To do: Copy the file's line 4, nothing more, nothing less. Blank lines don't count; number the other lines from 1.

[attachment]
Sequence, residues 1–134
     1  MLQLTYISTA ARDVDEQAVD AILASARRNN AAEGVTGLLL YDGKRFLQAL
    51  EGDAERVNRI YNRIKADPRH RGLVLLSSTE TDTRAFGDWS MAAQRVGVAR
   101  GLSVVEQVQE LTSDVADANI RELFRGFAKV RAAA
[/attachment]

   101  GLSVVEQVQE LTSDVADANI RELFRGFAKV RAAA